Presentation on theme: "The Escher Problem. Frieze Groups Frieze = embroidery from Friez, horizotal ornamented band (architecture). We are interested in symmetry groups of such."— Presentation transcript:
The Escher Problem
Frieze Groups Frieze = embroidery from Friez, horizotal ornamented band (architecture). We are interested in symmetry groups of such bends. There are 7 frieze groups. We start with a rectangular stamp.
Seven Frieze Types Groups (notation): 11 (translations only) 12 (translations and halfturns) m1 (translations and vertical reflections) 1g (translations and glidereflections) mg (translations, halfturns, vertical reflections and glide reflections) 1m (translations and horizontal reflections) mm (translations, halfturns,vertical reflections, glide reflections, horizontal reflections)
The Groups Group Elements Identity I Translation T Halfturn R Glidereflection G Vertical mirror V Horizontal mirror H. Some relations: R 2 = V 2 = H 2 = I, RV = VR = H,..
Subgroups (1) T PC 1 (2) G P,R(P)C 1 (3) T,R BC 1 £ D 1 (4) T,V AD 1 (5) T,H SD 1 (6) G,V A,R(A)D 1 (7) all(T,G,R,V,H) HD 1 £ D 1
Exercise Explain how the Frieze groups can be described by the four letters (aspects of the pattern): b, p, q, d. b p q d
Discrete Isometries Each metric space M determines the group of distance preserving maps, isometries Iso(M). A subgroup of Iso(M) is discrete, if any isometry in it either fixes an element of M or moves is far enough. Discrete subgroups of I( R 2 ) fall into three classes: 17 crystallographic groups 7 frieze groups finite groups (grups of rozettes).
Theorem of Leonardo da Vinci The only finite groups of isometries in the plane are the group of rosettes (cyclic groups C n and dihedral groups D n ).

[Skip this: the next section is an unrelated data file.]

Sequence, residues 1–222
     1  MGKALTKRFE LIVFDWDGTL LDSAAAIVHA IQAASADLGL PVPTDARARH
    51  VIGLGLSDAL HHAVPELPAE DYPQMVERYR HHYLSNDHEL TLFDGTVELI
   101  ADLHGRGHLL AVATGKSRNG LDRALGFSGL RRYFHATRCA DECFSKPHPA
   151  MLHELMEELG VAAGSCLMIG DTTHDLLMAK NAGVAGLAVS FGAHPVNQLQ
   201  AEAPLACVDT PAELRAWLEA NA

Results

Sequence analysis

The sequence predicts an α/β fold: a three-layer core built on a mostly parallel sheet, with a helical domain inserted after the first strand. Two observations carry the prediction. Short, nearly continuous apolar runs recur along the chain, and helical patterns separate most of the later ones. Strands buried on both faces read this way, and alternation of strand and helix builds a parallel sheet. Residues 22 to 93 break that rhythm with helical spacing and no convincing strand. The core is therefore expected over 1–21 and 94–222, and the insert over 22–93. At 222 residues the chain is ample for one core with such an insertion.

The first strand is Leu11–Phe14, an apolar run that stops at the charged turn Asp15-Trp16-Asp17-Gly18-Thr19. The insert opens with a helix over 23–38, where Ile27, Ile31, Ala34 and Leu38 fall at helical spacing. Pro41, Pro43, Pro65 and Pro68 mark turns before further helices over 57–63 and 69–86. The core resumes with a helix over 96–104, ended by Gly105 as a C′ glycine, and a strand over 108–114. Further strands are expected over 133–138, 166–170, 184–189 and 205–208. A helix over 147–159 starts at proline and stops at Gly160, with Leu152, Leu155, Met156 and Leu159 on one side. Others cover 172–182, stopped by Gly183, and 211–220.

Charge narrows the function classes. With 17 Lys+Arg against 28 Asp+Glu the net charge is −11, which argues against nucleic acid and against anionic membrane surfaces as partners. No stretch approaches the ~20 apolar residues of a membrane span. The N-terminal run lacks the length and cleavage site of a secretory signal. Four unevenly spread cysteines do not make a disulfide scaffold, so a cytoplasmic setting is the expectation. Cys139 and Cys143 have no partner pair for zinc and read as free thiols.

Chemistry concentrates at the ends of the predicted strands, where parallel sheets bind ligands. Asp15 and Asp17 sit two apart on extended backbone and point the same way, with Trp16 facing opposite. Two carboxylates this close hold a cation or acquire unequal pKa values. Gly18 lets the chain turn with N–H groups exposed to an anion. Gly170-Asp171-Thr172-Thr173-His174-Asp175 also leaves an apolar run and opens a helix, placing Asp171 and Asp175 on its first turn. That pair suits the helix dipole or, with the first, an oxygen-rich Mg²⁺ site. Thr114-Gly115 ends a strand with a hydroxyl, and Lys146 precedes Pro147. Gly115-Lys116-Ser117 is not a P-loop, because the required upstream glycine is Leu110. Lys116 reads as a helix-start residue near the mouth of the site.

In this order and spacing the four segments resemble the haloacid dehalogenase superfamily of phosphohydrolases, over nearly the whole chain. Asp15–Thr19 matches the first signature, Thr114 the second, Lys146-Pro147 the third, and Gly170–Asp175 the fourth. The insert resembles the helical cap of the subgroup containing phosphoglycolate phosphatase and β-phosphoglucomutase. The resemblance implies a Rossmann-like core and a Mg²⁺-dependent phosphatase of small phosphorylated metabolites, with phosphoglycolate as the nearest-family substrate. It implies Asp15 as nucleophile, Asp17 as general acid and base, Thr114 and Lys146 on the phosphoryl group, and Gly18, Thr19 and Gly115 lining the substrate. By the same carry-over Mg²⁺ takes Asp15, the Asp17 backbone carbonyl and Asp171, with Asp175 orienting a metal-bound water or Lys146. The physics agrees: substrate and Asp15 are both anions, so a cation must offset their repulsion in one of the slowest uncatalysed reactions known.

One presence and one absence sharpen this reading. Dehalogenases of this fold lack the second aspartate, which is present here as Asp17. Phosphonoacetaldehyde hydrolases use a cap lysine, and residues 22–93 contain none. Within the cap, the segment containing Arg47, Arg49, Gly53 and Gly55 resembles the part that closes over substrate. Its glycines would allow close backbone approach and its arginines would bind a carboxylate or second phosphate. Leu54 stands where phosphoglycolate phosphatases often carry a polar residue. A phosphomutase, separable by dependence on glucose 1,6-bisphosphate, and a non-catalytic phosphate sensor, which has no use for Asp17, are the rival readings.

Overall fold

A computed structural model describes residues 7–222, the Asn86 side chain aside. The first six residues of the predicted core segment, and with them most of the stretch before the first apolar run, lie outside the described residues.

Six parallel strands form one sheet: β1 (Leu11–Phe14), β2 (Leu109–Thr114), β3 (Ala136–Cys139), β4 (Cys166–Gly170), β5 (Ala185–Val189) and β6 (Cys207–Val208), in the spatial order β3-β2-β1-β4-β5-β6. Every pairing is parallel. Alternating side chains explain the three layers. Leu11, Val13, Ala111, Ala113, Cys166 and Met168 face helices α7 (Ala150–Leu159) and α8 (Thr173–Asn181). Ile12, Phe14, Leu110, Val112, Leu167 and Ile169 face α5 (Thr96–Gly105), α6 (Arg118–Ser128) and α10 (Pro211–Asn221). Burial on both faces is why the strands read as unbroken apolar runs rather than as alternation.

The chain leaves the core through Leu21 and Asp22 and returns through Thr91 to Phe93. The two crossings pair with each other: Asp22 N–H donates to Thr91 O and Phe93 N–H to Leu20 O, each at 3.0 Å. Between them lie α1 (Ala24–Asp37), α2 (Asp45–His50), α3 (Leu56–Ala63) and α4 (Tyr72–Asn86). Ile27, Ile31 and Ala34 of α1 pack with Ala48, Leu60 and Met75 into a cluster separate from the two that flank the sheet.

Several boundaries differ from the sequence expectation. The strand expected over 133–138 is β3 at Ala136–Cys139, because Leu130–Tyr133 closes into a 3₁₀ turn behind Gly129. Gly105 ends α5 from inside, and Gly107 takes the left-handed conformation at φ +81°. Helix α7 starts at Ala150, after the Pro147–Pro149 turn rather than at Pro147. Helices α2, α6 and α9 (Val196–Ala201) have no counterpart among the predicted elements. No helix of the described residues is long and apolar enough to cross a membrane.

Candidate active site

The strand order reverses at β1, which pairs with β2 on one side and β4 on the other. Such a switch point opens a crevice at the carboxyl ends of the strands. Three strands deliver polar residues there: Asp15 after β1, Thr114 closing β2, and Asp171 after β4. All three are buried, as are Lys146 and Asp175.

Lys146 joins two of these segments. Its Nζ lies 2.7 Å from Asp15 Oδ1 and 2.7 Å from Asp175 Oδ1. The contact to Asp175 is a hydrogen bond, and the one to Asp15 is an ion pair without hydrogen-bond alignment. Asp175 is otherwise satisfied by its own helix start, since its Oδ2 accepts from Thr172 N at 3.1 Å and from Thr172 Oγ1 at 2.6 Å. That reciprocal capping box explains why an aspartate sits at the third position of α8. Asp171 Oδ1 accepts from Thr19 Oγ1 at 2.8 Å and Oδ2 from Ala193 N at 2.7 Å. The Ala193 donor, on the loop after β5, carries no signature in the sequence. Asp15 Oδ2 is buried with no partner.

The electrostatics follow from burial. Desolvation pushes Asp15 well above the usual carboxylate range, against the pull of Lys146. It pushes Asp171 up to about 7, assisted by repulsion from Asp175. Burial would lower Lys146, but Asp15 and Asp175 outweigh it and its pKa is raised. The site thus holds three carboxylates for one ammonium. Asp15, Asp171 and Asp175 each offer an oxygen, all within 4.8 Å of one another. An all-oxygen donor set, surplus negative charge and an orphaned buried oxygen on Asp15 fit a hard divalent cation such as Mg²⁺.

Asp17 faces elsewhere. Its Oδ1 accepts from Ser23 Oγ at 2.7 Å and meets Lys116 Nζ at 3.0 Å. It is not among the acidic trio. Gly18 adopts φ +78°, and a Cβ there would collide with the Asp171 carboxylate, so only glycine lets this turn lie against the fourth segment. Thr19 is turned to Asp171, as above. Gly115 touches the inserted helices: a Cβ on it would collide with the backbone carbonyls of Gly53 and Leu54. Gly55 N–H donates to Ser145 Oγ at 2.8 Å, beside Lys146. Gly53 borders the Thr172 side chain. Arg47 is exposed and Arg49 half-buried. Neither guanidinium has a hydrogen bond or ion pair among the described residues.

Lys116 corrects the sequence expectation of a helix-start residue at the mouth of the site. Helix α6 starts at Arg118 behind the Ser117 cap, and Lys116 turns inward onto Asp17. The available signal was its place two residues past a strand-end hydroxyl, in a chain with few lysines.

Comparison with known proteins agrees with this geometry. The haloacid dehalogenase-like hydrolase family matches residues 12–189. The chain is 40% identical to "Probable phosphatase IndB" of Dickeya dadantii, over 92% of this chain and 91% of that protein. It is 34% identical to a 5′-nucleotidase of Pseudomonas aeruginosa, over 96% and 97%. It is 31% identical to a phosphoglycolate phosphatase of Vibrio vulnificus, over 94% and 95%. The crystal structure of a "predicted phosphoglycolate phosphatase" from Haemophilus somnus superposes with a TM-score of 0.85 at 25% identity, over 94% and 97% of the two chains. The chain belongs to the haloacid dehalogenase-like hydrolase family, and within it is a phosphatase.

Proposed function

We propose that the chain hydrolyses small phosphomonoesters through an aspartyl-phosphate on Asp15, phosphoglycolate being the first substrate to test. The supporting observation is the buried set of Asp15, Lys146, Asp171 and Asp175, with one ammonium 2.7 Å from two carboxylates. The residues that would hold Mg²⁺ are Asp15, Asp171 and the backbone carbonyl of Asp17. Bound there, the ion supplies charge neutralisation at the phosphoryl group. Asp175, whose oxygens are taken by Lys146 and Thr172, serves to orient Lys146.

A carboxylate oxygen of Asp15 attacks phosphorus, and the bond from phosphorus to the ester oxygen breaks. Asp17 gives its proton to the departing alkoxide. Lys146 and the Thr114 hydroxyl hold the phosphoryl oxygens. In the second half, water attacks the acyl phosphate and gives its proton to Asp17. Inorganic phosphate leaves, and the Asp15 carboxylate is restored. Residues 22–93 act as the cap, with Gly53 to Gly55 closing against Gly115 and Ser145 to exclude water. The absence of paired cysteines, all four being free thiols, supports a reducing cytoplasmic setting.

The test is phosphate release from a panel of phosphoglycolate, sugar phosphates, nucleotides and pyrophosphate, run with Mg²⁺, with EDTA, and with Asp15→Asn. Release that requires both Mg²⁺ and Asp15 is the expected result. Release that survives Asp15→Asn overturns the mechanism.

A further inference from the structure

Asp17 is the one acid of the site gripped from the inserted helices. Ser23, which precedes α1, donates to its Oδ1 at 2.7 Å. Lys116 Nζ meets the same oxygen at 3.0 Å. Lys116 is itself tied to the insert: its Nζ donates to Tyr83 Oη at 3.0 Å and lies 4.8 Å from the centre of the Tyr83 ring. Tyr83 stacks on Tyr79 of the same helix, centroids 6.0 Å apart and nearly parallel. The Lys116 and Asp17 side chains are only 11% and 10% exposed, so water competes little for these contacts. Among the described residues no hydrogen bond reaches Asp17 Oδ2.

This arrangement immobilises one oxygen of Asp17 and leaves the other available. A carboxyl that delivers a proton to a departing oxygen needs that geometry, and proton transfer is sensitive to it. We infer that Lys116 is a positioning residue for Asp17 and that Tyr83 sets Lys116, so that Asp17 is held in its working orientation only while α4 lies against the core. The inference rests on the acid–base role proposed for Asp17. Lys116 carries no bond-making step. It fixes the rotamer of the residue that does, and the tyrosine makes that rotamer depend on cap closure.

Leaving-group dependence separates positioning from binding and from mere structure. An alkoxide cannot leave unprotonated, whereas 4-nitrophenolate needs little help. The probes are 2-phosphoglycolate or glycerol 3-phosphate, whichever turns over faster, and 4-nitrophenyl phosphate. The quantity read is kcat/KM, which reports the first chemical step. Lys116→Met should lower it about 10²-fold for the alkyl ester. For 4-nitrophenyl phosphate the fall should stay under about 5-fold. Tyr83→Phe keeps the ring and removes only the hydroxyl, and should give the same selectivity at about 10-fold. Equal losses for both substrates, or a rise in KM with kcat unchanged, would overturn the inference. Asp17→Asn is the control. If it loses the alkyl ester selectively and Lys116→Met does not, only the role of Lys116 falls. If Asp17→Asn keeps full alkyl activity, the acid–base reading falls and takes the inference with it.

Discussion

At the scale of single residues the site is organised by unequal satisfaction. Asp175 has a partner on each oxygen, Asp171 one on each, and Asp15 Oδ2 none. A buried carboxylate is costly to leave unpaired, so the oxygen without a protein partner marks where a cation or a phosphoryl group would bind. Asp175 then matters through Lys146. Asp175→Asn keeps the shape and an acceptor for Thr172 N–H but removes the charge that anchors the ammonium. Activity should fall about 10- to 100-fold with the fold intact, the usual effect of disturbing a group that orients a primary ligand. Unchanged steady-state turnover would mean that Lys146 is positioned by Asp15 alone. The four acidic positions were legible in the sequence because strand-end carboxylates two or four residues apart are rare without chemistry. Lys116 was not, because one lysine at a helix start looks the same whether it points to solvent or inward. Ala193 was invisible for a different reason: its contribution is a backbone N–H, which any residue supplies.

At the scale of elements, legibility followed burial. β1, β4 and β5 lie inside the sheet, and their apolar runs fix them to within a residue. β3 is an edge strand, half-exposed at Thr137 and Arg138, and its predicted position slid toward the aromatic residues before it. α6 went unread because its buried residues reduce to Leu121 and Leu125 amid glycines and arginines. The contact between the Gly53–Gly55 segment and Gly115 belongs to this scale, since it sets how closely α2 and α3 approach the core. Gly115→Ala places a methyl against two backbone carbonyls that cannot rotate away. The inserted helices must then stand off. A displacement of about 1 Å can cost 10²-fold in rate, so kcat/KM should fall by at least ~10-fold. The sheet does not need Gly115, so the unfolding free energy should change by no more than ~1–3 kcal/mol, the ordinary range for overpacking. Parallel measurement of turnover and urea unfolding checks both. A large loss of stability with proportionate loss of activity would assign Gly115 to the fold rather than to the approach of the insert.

The Escher problem There is a square stamp with asymmetric motif. By 90 degree rotations we obtain 4 different aspects. By combining 4 aspects in a square 2 x 2 block, a translational unit is obtained that is used for plane tilnig. Such a tiling is called a pattern. Question: What is the number of different patterns ? Answer: 23.
Recall Burnside Lemma. Let G be a group, acting on space S. For g 2 G let fix(g) denote the number of points form S fixed by g. Let N denote the number of orbits of G on S. Then:
Application Determine the group (G) and the sapce (S). Pattern can be translated and rotated. Basic observatrion: Instead of pattern consired the block (signature). Group operations: H – horizontal translation V – vertical translation R – 90 degrees rotation.
(Abstract) group G h 2 = v 2 = r 4 = 1. hv = vh hr = rv v vr vr 2 vr 3 1 r r2r2 r3r3 h hr hr 2 hr 3 hv hvr hvr 2 hvr 3
Space S Space S consists of = 256 signatures. Count fix(g) for g 2 G. For instance: fix(1) = 256. fix(r) = fix(r 3 ) = 4. fix(h) = fix(v) = 16. By Burnside Lemma we obtain N = 23.
Homework Consider the Escher problem with the motiff on the left. H1. Determine the abstract group and its Cayley graph. H2. What is the number of different patterns? H3. What is the number of different patterns if we reflections are allowed? H4. What is the number of different patterns in the original Escher problem if reflections are allowed?
1-dimensional Escher problem Rectangular Asymmetric Motiff Only Two Aspects. 1 x n block (signature) Determine the number of patterns: Two more variations: II two motiffs(mirror images) III reflections are allowed.
Space S Space S consists of = 2 n signatures. Count fix(g) for g 2 G. For instance: fix(1) = 256. fix(r) = fix(r 3 ) = 4. fix(h) = fix(v) = 16. By Burnside Lemma we obtain N = 23.
Solution for the basic case where g(n) = 0 for odd n and for even n: